Why does the majority opinion ignore the above testimony? It completely verifies the facts as reflected on the employer's books for seventeen years, on the employee's W-2 forms for seventeen years, and on the employer's tax return for seventeen years. Instead of accepting the seventeen-year record of written documentation and the admission of the employer's partner which is unequivocal, the majority selects portions of the testimony of the employer's accountant and concludes that the employee "knew of and acquiesced" in a tax avoidance device, and " understood " that his W-2 forms did not reflect his true compensation. Whoever told the employee what the majority claims the employee knew? Certainly not the partner who verified the facts as reflected for seventeen years on the company books and on all tax records.
The majority says that the employer's accountant told the employee that the payroll deduction each year was a sham. I must categorically dispute that interpretation of the accountant's testimony. The accountant testified to no such thing. He did testify that he discussed with his employer a tax avoidance device but the employee was never present in these discussions with the employer. Employers all over America may be discussing tax avoidance devices with their accountants -- but those discussions surely cannot legally affect an employee's rights. Moreover, when we examine exactly what the accountant told the employee, we find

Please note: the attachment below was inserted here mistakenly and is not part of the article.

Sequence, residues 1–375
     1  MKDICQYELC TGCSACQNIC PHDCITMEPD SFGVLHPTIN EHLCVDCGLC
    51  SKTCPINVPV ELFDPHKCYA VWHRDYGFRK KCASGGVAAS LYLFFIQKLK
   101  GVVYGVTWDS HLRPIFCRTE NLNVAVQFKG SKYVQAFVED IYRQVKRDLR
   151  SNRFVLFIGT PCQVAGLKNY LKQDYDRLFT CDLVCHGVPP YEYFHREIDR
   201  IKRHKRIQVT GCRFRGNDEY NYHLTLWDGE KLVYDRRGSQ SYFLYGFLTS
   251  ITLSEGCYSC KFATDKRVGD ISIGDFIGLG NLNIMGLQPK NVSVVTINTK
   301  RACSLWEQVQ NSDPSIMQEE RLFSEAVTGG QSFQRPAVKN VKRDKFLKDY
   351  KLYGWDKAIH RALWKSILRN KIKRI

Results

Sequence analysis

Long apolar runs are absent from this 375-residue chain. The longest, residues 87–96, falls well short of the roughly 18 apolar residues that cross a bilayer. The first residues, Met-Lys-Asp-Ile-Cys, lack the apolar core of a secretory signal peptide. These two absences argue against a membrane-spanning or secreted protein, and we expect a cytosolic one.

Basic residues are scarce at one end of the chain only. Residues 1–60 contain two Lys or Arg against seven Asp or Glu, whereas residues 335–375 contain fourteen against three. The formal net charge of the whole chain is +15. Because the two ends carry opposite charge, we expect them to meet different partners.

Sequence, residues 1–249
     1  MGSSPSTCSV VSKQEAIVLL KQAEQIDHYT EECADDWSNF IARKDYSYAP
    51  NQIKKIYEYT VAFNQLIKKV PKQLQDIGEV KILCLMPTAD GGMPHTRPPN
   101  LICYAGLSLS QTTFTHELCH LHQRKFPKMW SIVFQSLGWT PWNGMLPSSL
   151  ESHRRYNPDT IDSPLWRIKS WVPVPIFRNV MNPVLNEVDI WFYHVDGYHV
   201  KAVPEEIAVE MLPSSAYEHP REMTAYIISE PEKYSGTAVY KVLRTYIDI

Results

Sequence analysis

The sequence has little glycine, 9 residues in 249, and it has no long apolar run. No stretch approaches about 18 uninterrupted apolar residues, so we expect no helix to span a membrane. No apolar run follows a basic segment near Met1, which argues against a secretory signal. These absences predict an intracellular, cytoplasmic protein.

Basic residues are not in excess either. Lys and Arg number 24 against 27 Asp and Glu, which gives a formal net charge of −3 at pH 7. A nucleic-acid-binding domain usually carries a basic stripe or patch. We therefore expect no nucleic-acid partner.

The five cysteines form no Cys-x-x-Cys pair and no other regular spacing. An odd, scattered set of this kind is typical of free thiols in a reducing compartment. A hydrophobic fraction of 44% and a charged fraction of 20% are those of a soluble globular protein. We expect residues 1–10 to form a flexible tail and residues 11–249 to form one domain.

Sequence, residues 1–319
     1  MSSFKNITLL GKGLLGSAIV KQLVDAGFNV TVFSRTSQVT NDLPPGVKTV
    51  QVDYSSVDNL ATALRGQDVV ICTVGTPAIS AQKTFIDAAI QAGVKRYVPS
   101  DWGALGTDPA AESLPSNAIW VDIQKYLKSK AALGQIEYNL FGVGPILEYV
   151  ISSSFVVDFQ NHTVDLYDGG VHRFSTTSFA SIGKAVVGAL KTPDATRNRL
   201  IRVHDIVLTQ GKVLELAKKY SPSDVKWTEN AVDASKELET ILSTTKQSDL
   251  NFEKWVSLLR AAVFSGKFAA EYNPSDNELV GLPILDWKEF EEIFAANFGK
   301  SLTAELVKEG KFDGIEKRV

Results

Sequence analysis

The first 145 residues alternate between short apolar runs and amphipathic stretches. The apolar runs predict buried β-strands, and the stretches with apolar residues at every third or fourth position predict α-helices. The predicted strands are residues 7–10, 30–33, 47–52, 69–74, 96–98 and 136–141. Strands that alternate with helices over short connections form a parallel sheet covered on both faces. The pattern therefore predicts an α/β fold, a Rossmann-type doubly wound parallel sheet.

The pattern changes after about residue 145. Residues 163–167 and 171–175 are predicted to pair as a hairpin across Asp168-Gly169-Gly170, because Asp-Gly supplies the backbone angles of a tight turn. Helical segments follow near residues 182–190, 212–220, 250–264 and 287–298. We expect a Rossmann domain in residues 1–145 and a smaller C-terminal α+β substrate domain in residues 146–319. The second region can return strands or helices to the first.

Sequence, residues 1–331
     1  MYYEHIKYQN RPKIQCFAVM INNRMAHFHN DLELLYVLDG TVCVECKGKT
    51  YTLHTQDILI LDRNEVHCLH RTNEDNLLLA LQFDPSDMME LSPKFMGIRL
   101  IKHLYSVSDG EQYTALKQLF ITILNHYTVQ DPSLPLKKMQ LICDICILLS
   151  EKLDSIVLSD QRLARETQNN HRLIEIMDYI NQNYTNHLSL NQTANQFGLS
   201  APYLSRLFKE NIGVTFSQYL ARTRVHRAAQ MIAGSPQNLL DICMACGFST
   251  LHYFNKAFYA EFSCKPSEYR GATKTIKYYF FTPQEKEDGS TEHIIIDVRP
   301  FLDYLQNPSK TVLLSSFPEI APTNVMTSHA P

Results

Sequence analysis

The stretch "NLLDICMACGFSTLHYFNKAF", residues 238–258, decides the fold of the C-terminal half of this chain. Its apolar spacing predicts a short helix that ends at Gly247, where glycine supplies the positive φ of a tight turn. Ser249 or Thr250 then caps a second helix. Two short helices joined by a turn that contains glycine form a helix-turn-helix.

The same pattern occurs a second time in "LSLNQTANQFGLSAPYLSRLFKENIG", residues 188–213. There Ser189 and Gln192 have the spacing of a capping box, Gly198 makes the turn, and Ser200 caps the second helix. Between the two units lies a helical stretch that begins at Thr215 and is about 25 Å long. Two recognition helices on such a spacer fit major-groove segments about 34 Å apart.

[ 455 Pa. Page 240]